New York At Christmas: Resurrected Markets, Few Tourists And More Infections

New York at Christmas: resurrected markets, few tourists and more infections

At first glance, it seems that New York City has regained its rhythm of pre-pandemic holiday. Unlike last year, Christmas markets have taken over the main squares of Manhattan and vaccinated tourists can once again swarm the streets of the Big Apple.

However, there are also images reminiscent of 2020, such as queues for hours in front of health centers full of New Yorkers waiting their turn to take a free COVID test because they have been in contact with a positive, have symptoms or simply want to make sure you are not infected before traveling or seeing loved ones.

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Katie Harris, who works selling jewelry at a Christmas booth next to an ice skating rink in Bryant Park, says that since the omicron variant began to appear more in the news, more and more customers stroll through the flea market wearing masks. “This is a foreign market and the air circulates, so the mask is not mandatory, but these weeks I have noticed that people cover themselves more,” says the New Yorker.

For many of the artists participating in Winter Village, their sales during the month of December are essential to their 2022 economy. “Everything is slower, there are far fewer tourists and fewer people overall,” says Andre, creator of T-shirts with animal prints. He says that this year he had to raise the price of his products and focus on doing more online advertising for his company to survive.

Pedestrian traffic during ‘black friday’ (the day the sales start in the United States) on Fifth Avenue near Rockefeller Center increased 262% compared to 2020 levels, according to data from the merchants association of this avenue. About 260,000 people passed through Times Square during that weekend, which is double the previous year, but also a drop of almost 100,000 people compared to the 337,000 people who passed through the area in 2019, according to Alianza Times Square.

New York at Christmas has been the source of inspiration for hundreds of songs and movies ranging from classics like “Miracle on 34th Street” to thrillers like “Eyes Wide Shut”, which is why seeing this city covered in colored lights is on the list of “things to see” for millions of people around the world.

Mehmet Aydoğdu has helped thousands of tourists to fulfill this dream with his bicycle: for three years he has been a “bike taxi” and has traveled the city of the Empire State on pedals with two or three people in a cart, which for this time he has decorated with garlands and colored balls. “It is the most expensive transportation in New York City, because it costs $ 7 [algo más de 6 euros] per minute, “he says with a laugh.

The lack of tourism during the pandemic made this Turk have to park his bicycle for a season. Despite the fact that the borders reopened in November, Aydoğdu notes that the tourists he takes are mainly from the United States, both from neighboring states, Connecticut, Pennsylvania, Philadelphia and New Jersey, as well as from the southern states.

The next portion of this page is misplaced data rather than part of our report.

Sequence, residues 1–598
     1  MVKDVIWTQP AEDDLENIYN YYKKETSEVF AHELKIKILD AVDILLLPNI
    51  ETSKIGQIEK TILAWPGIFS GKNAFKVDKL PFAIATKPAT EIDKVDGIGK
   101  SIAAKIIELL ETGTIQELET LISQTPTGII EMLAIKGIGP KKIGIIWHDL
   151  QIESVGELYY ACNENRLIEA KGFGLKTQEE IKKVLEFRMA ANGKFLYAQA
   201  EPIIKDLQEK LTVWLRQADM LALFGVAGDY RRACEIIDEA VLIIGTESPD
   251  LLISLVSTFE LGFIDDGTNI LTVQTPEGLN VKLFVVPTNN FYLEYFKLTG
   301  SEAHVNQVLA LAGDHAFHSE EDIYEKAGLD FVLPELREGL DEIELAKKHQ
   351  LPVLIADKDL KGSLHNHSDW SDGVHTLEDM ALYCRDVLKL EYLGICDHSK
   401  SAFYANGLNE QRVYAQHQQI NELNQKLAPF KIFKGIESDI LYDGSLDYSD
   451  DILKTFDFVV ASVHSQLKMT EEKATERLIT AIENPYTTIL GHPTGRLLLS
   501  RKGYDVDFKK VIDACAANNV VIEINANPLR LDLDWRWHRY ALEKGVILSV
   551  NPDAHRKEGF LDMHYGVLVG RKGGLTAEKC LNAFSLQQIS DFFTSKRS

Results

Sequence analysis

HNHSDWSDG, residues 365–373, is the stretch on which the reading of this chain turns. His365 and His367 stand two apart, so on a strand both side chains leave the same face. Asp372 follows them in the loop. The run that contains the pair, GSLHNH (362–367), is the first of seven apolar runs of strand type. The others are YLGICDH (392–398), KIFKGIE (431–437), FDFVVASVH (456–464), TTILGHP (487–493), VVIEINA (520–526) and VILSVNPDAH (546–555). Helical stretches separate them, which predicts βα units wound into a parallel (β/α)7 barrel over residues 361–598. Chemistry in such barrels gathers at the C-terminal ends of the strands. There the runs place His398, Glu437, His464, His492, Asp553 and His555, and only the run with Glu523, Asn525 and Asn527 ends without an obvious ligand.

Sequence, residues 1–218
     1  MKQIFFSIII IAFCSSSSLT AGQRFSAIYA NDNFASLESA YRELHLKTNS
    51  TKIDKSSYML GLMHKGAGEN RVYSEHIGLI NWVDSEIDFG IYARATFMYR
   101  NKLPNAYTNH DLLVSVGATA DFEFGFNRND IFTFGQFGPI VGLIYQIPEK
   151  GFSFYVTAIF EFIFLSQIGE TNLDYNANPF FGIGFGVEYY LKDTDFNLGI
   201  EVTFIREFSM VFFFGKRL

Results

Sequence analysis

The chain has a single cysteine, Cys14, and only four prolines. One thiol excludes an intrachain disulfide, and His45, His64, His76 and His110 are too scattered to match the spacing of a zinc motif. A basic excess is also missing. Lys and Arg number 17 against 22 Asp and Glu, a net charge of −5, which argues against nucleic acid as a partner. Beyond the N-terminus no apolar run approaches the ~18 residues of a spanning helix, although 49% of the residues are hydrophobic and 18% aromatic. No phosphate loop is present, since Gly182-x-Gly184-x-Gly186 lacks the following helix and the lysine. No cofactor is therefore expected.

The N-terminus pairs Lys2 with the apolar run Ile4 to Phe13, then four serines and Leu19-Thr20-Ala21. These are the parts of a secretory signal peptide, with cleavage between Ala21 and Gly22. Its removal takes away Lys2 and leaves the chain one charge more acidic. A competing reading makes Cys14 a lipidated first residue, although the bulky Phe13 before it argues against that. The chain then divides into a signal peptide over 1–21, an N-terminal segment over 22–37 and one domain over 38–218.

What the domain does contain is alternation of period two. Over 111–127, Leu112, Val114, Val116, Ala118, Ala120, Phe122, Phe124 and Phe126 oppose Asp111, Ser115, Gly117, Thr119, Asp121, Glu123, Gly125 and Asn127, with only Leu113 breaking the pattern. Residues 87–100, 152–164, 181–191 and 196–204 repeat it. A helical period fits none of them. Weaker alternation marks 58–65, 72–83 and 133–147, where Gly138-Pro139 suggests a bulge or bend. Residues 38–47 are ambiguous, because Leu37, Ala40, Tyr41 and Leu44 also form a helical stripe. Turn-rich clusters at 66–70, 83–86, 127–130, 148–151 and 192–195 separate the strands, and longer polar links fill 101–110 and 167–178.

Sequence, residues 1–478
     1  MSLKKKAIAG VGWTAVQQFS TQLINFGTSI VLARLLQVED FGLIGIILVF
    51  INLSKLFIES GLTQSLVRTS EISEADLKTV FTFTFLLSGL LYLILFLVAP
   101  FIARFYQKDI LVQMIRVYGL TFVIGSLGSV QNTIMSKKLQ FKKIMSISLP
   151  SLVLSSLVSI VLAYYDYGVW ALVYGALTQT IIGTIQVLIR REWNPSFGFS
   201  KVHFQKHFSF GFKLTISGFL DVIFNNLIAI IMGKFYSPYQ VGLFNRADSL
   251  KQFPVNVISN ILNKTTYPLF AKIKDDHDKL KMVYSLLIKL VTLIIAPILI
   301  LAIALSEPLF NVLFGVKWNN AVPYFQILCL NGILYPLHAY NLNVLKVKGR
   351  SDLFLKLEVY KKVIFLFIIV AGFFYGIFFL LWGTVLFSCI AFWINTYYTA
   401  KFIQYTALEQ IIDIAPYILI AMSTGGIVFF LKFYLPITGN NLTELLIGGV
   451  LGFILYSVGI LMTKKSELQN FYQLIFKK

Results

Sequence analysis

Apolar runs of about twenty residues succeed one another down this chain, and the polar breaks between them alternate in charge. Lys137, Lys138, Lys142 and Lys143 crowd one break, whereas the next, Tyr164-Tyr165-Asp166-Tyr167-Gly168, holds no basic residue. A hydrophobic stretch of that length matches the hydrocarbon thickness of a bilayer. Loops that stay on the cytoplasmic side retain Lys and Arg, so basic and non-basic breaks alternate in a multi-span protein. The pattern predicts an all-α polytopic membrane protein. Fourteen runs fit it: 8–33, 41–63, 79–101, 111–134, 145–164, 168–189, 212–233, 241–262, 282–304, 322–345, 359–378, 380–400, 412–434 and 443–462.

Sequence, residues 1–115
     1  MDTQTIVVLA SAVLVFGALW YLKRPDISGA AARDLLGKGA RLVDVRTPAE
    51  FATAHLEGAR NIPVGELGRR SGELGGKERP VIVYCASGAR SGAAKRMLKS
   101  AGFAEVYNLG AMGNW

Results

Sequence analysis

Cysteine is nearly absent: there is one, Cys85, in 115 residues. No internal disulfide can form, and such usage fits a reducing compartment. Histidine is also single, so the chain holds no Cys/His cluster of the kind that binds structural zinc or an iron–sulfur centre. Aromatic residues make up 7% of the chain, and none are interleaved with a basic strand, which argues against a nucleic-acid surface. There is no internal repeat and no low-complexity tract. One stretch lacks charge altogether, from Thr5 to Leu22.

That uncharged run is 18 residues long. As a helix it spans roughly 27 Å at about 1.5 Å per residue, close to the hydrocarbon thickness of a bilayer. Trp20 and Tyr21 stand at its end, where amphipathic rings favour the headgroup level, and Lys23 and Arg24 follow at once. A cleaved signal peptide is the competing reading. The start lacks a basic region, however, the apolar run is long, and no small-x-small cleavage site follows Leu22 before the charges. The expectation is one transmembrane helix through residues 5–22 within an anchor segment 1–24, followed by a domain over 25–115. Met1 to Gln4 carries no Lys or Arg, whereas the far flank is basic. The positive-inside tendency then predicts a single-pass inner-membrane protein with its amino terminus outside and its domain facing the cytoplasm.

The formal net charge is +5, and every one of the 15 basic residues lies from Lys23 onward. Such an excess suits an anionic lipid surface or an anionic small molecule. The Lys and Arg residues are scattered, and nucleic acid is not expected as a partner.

New York City ranks No. 1 for winter vacation tourism in the United States, according to surveys by multiple travel agencies. This is encouraging data for the city’s tourism industry, which before COVID was valued at more than $ 80 billion (70,678 million euros).

Michel Soto and Ignacio Pacheco say that since the pandemic began they have chosen to make national trips instead of international ones. A few months ago they went to Seattle and now they have opted for the Big Apple, in part because Soto is a fan of ‘Home Alone 2’ and wanted to see the huge Rockefeller Center Christmas tree in person. “He is better in person than in movies,” says Pacheco in front of the spruce that is more than 24 meters high.

“We have also been surprised by how much they ask for the vaccine to enter the sites. In California it is not so necessary,” emphasizes the Californian couple. New York requires that the vaccination record be shown when entering the vast majority of enclosed spaces.

However, COVID cases are increasing. “I don’t know what’s going on, but most of my friends are testing positive,” says a young Italian woman living in New York as she waits for a test at a clinic. In the first half of December, infections doubled. At the beginning of the month, the percentage of residents who tested positive in the previous seven days was 2.9%. Two weeks later it was 5.7%. The latest available data, of December 25, show that the increase has continued: the average percentage of residents who have tested positive in the last week is 15.55%.

According to data provided by the New York Department of Health, dated December 27, in the previous seven days there have been 208 hospitalizations and 10 deaths from COVID daily. The average number of confirmed daily cases during that period was 14,025, more than double the average of the last 28 days, which stood at 6,786. But there has not been the same increase in the daily number of hospitalizations and deaths, 139 and 12 respectively in the average of the last 28 days. In New York, 80.1% of residents have at least one dose of the vaccine and 71.5% have the full regimen.

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